Natives at Penn was a very genuine and welcoming community. It was a small, tight knit group who checked in on me and really wanted the best for me, and it was where I felt comfortable to be vulnerable.
Early on at Penn, Lauren found inspiration in her peers, clubs, and classes to pursue dual concentrations in finance and business analytics. Passionate about reading, writing, and math, Lauren was excited by the new information she was learning and its many creative applications. Lauren approaches her quantitative studies like a puzzle; each case study, financial report, and coding project is an important element of business that she enjoys figuring out. One of Lauren’s favorite classes is Professor Michael Roberts’ Data Science for Finance, which unpacks the applications of Python for corporations. Lauren credits the course content and Professor Roberts’ encouragement for her confidence and interest in coding.
Lauren found a home on campus within the tight-knit community of Natives at Penn, a student group for Native American, Alaskan Native, Native Hawaiian, and Indigenous students. Lauren, a descendant of the Onondaga Nation, met her closest friends in Natives at Penn and always feels supported by the group during difficult times. Lauren helps plan the annual Powwow, a highly anticipated on-campus celebration with performances and food, temporarily moved online during the pandemic. Lauren and her peers are activist leaders at Penn, uplifting Native voices and promoting Native visibility on campus and in the administration. Recently they created a petition to formally recognize Indigenous Peoples’ Day at Penn, joined Penn’s minority student coalition, now called the 7B, and created collaborations with academic and cultural spaces across campus. Through one of these partnerships, Natives at Penn hosted a roundtable conversation at the Penn Museum’s CultureFest to discuss ways to respectfully engage Native communities.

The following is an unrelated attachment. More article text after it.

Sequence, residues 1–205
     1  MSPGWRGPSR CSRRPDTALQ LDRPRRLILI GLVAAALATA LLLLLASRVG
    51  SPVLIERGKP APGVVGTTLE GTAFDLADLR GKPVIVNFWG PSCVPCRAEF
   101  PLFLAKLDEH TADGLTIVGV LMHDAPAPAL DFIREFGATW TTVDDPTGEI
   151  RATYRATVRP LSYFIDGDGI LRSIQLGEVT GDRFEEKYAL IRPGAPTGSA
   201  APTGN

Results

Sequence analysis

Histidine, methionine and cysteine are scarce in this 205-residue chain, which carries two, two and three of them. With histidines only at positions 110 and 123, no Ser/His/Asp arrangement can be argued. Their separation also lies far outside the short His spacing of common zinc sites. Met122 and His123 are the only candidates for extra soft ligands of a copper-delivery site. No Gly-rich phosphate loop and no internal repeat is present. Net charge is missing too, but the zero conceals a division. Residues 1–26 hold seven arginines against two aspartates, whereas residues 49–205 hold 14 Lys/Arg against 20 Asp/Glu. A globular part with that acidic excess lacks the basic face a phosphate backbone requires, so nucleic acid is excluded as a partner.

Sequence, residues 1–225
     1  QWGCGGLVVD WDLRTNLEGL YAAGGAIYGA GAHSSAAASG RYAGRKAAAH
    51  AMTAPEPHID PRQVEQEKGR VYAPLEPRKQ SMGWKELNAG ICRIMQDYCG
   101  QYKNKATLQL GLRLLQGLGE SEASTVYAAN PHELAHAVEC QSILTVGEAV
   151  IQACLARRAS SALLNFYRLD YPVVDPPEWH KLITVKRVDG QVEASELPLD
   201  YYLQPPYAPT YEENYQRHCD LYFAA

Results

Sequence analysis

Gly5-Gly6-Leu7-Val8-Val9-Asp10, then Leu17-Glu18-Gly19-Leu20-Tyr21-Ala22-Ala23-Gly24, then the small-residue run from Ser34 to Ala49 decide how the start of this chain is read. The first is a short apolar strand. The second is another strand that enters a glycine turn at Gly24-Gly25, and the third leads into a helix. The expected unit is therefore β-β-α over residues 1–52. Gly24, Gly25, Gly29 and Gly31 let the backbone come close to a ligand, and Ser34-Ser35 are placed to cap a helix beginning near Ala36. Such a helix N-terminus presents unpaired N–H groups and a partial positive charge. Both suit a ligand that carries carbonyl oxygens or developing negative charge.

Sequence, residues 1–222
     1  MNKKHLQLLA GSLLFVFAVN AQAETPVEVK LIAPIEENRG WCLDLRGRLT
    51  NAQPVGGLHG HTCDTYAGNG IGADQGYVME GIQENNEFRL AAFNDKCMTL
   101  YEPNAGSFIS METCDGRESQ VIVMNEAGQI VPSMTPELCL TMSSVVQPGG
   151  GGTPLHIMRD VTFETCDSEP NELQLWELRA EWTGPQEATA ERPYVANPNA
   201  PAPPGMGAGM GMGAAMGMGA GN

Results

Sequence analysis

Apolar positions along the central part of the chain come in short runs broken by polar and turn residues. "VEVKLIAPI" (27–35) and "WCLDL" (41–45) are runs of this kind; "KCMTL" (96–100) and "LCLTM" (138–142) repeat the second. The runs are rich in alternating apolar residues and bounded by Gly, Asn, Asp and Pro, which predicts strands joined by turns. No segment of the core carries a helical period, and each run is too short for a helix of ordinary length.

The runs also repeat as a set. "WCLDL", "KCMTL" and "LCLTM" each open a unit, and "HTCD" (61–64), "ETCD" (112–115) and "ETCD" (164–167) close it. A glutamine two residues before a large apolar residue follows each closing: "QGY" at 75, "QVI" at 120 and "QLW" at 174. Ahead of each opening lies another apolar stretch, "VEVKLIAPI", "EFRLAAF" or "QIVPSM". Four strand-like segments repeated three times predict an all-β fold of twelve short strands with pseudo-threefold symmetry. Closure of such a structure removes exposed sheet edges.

Lauren is part of the Joseph Wharton Scholars (JWS) program, a community that encourages study of the humanities alongside business. JWS students, united by their multidisciplinary academic interests, complete a capstone research project, participate in JWS-specific seminars and social events, and provide each other with academic support. One of the classes that reflects Lauren’s varied interests is the Penn Global Seminar titled ‘People of the Land: Indigeneity and Politics in Argentina and Chile.’ Learning about indigenous communities in South America, Lauren honed in on the historic similarities between indigeneity in North and South America, from colonialism to conflicts over land rights. Pre-pandemic, the class was slated to travel to Argentina. Instead, the students met land activists and legal experts via Zoom. Passionate about Native and Indigenous studies, Lauren is grateful for the online space that allowed these individuals to share their stories.
Lauren feels empowered by her experiences in on-campus and online organizations that promote women and underrepresented groups in business, including Girls Who Invest, Natives Rising, and the Forte College Leadership Conference. In these groups, Lauren has attended conferences on professional development, connected with female leaders in hedge funds and business organizations, and earned a summer internship in the startup world. During her internship at Skillshare, a content sharing website and app, Lauren worked on mergers and acquisitions, learned about financial models, and assisted with strategic decision-making. Back on campus, Lauren is an active member of the Smart Women Securities Club, where students teach other students about finance, and MUSE, the Marketing Undergraduate Student Establishment.